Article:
Paris: Librairie j.-b. Baillière et fils, 1887. First edition. 8vo., half-title,  advert, 106 pp., 3 - 8 adverts, with 7 leaves of plates. Original printed wrappers, with an advert on the rear wrapper. The front wrapper is edge chipped and detached with no loss of text; the rear wrapper is lacking the upper left corner with a slight loss of the advert text and chipping at the blank foredge and the joint at the spine. Normal waving to the mounts of the stock on which the plates are mounted has allowed occasional light dusting to the blank margins; plates separated from text. Wrapper faults aside, this is a very good and unopened copy. Stamped on the front wrapper and title page " Hommage des Editeurs." Item #52775
Jules Bernard Luys (1828 - 1897) obtained his doctorate in medicine in 1857, having conducted extensive research on the anatomy, pathology and functions of the nervous system; in 1862, he occupied the positions of head of department in Salpétrière, and then later at Charity. "An Anatomopathologist of development, his research was focused on the nervous system and the brain. Anxious to represent his findings as precisely as possible, he chose not to use traditional drawings or engravings but instead photography to display and capture his research...The photographs were taken in collaboration with George Luys (1870 - 1953), his son who was also a doctor." Denis Canguilhem. ENCYCLOPEDIA OF NINETEENTH-CENTURY PHOTOGRAPHY, p. 878.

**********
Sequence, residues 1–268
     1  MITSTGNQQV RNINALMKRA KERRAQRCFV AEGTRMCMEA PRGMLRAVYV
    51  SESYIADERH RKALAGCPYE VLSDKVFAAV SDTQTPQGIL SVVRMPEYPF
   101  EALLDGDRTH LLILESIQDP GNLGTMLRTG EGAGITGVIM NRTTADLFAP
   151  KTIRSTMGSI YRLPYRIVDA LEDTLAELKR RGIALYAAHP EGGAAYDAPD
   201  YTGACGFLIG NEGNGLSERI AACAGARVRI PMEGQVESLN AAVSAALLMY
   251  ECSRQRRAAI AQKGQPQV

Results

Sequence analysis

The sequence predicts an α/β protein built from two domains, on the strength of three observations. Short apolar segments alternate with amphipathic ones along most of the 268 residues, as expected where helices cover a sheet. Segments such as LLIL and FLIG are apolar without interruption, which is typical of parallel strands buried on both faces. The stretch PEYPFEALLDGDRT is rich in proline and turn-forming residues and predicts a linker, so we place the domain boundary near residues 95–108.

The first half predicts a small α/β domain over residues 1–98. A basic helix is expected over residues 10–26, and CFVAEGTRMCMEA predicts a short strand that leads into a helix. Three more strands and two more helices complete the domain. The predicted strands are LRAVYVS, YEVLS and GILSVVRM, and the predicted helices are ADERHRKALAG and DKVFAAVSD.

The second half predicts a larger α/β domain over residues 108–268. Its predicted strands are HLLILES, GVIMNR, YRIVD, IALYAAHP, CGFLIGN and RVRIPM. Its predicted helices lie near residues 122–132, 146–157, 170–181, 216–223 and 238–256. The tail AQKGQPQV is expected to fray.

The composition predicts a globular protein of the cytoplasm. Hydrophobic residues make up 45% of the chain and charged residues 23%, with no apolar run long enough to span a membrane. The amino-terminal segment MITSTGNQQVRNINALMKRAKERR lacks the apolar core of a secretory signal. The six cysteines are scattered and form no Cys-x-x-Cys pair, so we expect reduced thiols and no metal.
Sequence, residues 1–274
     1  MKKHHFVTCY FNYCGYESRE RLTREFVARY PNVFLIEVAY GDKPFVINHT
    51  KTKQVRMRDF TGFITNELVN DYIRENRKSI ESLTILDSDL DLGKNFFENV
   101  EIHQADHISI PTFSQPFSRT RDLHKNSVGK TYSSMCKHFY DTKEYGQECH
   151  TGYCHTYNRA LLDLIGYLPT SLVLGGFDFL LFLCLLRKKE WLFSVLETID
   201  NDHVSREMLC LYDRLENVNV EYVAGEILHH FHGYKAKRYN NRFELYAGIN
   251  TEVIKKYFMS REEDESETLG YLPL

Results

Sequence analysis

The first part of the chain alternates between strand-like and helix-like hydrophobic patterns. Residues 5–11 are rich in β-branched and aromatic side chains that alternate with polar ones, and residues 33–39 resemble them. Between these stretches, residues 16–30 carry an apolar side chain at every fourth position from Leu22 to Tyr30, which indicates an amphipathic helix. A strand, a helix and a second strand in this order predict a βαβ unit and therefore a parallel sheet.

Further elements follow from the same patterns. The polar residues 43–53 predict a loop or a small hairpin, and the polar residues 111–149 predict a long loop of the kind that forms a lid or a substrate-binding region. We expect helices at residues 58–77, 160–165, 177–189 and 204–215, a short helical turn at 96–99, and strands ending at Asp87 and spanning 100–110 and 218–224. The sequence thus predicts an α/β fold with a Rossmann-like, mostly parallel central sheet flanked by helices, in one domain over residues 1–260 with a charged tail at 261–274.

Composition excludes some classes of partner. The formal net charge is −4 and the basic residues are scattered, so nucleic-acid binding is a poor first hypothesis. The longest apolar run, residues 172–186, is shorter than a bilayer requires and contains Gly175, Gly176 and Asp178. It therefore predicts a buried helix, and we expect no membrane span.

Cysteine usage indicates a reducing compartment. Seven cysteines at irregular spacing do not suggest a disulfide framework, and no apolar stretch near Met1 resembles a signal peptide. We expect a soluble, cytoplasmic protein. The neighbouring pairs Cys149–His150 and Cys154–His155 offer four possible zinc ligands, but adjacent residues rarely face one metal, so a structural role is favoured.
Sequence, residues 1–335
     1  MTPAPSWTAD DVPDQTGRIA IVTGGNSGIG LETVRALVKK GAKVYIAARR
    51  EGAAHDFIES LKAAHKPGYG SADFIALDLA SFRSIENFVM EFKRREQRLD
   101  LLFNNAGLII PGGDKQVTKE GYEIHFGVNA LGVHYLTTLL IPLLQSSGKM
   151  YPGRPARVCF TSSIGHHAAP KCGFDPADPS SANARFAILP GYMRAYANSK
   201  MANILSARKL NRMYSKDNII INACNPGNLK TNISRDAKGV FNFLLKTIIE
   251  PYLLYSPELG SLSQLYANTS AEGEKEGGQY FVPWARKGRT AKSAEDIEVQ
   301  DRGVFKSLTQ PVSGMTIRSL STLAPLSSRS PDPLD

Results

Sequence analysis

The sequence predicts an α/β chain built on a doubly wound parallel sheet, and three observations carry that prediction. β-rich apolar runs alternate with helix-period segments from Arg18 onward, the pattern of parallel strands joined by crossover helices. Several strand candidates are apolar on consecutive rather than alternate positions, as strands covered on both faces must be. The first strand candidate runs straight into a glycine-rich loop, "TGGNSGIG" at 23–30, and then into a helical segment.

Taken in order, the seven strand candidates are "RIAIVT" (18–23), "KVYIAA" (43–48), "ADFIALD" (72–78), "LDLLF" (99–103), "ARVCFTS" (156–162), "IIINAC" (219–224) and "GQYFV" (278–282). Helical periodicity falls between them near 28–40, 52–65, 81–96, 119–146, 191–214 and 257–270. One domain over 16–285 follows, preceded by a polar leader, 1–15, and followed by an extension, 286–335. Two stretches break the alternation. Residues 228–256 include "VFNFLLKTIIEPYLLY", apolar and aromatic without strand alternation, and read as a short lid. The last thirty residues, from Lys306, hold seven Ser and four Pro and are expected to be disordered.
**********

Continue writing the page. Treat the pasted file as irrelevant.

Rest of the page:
In this work on hypnotism, "Luys, a highly respected French neurologist who practiced at the Salpêtrière and the Charité, discusses the transmission of states of emotion from one hypnotized person to another... the principal subject for his experiments was a somnambulist he calls 'Esther.' One of the interesting outcomes of his experimentation was his development of a unique version of the notion of doubling of the personality." Crabtree, Adam. ANIMAL MAGNETISM, EARLY HYPNOTISM, AND PHYSICAL RESEARCH, 1766 - 1925. No. 1178.
The photographic images are carbon prints executed by Lemercier.